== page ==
Beestung Lips are a furiously passionate punk-rock four-piece brawling out of Birmingham with firework riffs and rambunctious percussion. DiS is already on record thusly: “noticeably pissed-off and acerbic like so few acts proclaiming to be ‘punk’ actually are.” Need touchstones? Hot Snakes, The Jesus Lizard, The Birthday Party. Some’ll say Gallows, and there’s a little truth there: they’ve certainly a similar crossover potential.
The quartet are, according to MySpace, Hetro Pearton (vocals), Pout Pearton (guitar/vocals), San Diego Pearton (bass) and Action Pearton (drums); at least one of them is also known as Thomas, as it is he that has answered our DiScover questions.
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We have all played in bands together over the years; to list them would serve no purpose. We want Beestung Lips to stand on its own merits. We just want to make music that we are happy with and that stands the testament of time.
Is Birmingham a particularly healthy city for punk-rock bands to work, rest 'n' play in? You've Supersonic, of course, and the other Capsule (local bookers and the label that released the band’s EP) events - seems like a nice little scene's going on. Besides yourselves, are there other Birmingham acts you're keen to sing the praises of?
If you listen to the lyrics at the beginning of our EP (Songs To And From An Iron Gut, 9/10 review) I think you will realise our views on Birmingham.
Although there are people like Capsule doing amazing things, there is a lot of dross that you have to wade through. It seems that the younger section of the Birmingham scene want to listen to ironic dance music and get off their faces on pills. And to be honest with you I’d rather do the same thing than face another lacklustre gig at the Dog and Trumpet.
Live music and music in general is dying because people are trying to do things the industry’s way. People should kick back and spit in the face of the shiny equipment and pay-to-play attitude of the industry. Too many bands are prepared to jump through hoops like performing monkeys. We are not performers.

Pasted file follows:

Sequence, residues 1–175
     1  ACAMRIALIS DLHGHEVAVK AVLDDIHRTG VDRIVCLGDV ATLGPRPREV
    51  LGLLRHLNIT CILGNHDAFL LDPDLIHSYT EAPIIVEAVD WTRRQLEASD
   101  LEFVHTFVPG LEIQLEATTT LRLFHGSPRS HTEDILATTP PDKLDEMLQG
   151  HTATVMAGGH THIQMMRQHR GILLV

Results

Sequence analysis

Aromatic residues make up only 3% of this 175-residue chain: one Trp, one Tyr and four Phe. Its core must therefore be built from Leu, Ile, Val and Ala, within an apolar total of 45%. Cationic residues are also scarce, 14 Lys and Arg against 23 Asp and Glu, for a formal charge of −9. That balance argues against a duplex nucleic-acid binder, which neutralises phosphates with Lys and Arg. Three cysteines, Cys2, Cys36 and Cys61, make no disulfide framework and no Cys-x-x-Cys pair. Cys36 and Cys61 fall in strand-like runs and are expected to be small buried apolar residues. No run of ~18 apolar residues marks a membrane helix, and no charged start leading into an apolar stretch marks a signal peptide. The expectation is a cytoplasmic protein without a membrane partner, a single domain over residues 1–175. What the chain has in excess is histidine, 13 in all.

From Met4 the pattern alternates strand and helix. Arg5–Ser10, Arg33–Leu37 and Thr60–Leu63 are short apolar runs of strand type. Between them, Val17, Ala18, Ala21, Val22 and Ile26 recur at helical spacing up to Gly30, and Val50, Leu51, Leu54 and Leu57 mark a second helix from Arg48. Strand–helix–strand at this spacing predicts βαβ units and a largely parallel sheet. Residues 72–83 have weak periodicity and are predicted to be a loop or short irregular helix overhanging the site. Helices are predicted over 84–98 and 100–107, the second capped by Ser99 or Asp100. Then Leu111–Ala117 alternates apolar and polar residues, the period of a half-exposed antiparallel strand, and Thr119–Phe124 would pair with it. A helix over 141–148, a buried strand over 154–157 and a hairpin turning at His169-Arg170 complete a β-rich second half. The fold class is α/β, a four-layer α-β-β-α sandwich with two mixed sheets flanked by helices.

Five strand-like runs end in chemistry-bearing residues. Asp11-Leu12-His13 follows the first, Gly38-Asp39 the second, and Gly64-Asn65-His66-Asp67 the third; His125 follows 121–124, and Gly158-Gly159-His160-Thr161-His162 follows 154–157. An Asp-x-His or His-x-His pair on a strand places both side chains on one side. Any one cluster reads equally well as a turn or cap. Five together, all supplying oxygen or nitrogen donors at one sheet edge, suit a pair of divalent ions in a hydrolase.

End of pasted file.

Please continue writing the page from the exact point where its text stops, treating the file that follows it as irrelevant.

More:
Mills and Boon are like Captain Beefheart meets Ivor Cutler. They like a drink and the occasional illicit substance. That helps.
Calvados Beam Trio are just incredible. They blew Don Caballero away at their own game when they played with them. They don’t necessarily sound like these bands but are influenced by groups such as Gastr Del Sol, Bastro and Bitch Magnet.
The EP was well received upon its release - are you a band that's keen to court the press, and receive positive feedback, or are you not especially concerned by what critics might have to say, for better or worse? Is there anything that sticks in the mind, that's been written about you - again, either positive or negative?
We don’t give a shit. It’s nice to hear that someone likes the EP. Or what we do. But you don’t play the music we play and the live shows we do to be liked. We like confrontation. It’s part of what we do. But also we aren’t out to sabotage ourselves before we really get started. I think people aren’t stupid and they do realise that there is a lot of back-scratching in the music world. ‘It’s not what you know, it’s who you blow’. We aren’t prepared to blow just anybody.
I remember we played with These Arms Are Snakes and Pelican. This hack made some pretty funny comments about us thinking we were more popular than we really were, having bad attitudes, and generally being obnoxious. No doubt we were. I think we stuck it up on our site for a while actually. I suppose there is no such thing as bad press.
What about a follow-up to the Iron Gut EP? Is there another release in the works? Are you writing material with an eye on an album, and if so are there any rough release times in mind? Presumably you'll continue to work with Capsule, or has the EP stirred any interest at other labels?
The plan is to stick with Capsule for the next release. They have been more than supportive. They are also friends. I think that is of importance when creating the music/art we want to create. We have a common goal. They know we have our personal difficulties from time to time. They have been very patient and supportive.
We have 12 tracks ready to record. We are looking at recording them for around April then we want to get it out in as quick a time scale as possible.
The recording process for us is usually very quick. We record everything live, apart from the vocals, and don’t use overdubs. I think this gives the music an honesty lacking in a lot of music at the moment.